From the icy blast of reveille through the sweet release of sleep, Ivan Denisovich endures. A common carpenter, he is one of millions viciously imprisoned for countless years on baseless charges, sentenced to the waking nightmares of the Soviet work camps in Siberia. Even in the face of degrading hatred, where life is reduced to a bowl of gruel and a rare cigarette, hope and dignity prevail. This powerful novel of fact is a scathing indictment of Communist tyranny, and an eloquent affirmation of the human spirit.
About the Author
The prodigious works of Alexander Solzheenitsyn incuding his acclaimed The Gulag Archipelago, have secured his place in the great tradition of Russian literary giants. Ironically, One Day in the Life of Ivan Denisovich is the only one of his works permitted publication in his native land. As a young man, Alexander Solzhenitsyn studied mathematics, physics, and literature. He served with distinction in the Soviet Army during World War II, but after the war, his criticism of Stalin led to his arrest. Solzhenitsyn spent eight years in labor camps, and was released in 1953. In 1962, with the approval of Soviet Premier Khrushchev, he published One Day in the Life of Ivan Denisovich, an account of life in the Soviet Gulag. He denounced Soviet censorship, and his later books were banned. In 1970 he was awarded the Nobel Prize. Eventually his dissident postures became too much for the Soviet government, and in 1974, Solzhenitsyn was expelled. Throughout the years of his exile, Solzhenitsyn never stopped speaking out against Soviet Communism, and he was eventually permitted to return to his country after the fall of Communism.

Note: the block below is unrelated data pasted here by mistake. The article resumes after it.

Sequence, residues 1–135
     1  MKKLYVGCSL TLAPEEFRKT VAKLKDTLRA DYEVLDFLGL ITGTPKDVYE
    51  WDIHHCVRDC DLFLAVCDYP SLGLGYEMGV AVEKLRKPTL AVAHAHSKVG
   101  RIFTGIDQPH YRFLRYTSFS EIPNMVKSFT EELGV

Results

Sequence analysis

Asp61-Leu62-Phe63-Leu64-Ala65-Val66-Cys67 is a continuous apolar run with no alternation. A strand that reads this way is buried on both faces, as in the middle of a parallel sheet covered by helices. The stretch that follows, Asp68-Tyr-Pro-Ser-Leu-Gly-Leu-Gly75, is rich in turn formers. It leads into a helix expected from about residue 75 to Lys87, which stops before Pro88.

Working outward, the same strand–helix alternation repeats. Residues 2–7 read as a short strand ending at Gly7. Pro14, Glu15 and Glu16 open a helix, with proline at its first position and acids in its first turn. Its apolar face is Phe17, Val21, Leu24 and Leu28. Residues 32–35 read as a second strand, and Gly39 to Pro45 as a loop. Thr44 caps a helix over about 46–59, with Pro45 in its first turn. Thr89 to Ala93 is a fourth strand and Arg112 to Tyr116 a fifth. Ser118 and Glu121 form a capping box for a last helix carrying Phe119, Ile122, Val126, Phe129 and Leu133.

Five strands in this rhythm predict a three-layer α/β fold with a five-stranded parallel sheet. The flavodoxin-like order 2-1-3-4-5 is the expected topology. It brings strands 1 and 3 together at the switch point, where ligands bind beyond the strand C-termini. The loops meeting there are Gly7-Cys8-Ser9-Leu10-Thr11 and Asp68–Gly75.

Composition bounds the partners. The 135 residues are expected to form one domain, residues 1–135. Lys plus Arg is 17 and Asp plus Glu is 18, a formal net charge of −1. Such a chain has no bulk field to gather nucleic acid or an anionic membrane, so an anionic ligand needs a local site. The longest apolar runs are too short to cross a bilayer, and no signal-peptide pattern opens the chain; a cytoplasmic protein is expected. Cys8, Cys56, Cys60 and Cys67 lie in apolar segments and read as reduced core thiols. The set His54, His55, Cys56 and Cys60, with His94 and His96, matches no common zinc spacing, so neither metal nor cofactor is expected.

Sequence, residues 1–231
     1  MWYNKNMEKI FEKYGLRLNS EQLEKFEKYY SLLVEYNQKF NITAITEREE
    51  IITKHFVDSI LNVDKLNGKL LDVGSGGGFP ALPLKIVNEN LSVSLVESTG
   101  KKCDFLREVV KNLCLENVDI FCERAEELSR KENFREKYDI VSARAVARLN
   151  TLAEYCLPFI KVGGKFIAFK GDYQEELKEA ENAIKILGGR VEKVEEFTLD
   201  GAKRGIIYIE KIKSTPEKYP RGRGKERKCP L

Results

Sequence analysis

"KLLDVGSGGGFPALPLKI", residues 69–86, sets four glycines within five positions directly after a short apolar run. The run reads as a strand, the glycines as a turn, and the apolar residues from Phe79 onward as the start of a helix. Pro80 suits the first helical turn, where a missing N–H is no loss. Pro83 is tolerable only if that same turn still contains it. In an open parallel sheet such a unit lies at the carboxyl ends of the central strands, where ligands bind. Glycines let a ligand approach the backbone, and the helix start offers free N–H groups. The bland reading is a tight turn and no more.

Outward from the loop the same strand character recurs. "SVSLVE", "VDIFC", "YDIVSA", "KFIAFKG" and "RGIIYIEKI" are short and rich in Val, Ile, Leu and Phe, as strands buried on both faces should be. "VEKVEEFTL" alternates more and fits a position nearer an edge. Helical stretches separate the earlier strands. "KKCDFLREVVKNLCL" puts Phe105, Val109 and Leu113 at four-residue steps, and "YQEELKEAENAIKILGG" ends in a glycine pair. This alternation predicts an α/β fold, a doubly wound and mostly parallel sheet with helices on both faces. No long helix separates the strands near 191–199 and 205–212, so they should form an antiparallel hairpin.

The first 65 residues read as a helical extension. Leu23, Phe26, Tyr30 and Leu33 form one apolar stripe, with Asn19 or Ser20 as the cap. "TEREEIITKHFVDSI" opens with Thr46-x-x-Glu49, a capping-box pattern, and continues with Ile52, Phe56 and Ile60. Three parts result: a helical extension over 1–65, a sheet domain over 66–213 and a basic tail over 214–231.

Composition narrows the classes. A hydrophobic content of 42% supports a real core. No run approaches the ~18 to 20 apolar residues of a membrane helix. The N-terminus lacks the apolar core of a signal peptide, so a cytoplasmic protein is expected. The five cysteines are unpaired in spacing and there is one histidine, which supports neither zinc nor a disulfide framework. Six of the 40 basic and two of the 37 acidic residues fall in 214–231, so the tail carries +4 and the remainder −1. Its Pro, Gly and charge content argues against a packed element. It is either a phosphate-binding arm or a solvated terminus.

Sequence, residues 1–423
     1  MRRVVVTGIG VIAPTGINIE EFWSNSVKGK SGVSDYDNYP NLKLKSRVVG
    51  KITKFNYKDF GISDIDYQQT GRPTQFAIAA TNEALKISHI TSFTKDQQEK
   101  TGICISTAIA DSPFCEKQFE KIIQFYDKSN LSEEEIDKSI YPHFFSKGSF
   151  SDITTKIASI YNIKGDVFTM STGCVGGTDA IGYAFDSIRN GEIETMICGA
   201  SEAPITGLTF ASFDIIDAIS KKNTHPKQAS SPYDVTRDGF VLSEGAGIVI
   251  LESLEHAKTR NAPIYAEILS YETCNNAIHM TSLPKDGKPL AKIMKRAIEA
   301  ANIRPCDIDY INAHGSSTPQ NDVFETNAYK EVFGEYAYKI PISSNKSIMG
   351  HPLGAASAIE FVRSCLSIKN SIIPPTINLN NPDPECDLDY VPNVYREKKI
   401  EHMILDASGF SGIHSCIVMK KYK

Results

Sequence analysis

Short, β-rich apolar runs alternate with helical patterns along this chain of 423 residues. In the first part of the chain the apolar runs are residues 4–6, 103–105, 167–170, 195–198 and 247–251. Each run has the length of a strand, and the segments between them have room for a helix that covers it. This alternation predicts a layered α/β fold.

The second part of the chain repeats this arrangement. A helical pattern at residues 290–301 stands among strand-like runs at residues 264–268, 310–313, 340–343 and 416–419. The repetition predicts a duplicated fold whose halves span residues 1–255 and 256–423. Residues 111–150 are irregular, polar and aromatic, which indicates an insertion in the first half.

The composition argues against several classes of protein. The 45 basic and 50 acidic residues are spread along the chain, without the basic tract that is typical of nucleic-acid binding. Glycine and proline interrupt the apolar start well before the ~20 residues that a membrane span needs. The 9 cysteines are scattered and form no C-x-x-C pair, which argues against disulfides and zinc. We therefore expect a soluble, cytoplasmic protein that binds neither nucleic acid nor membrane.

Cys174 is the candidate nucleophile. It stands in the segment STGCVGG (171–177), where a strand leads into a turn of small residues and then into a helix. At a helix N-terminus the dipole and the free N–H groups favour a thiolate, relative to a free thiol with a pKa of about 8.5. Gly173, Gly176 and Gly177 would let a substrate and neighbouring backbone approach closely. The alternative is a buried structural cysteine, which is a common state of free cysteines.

“Cannot fail to arouse bitterness and pain in the heart of the reader. A literary and political event of the first magnitude.” –New Statesman
“Stark . . . the story of how one falsely accused convict and his fellow prisoners survived or perished in an arctic slave labor camp after the war.” –Time
“Both as a political tract and as a literary work, it is in the Doctor Zhivago category.” –Washington Post
“Dramatic . . . outspoken . . . graphically detailed . . . a moving human record.” –Library Journal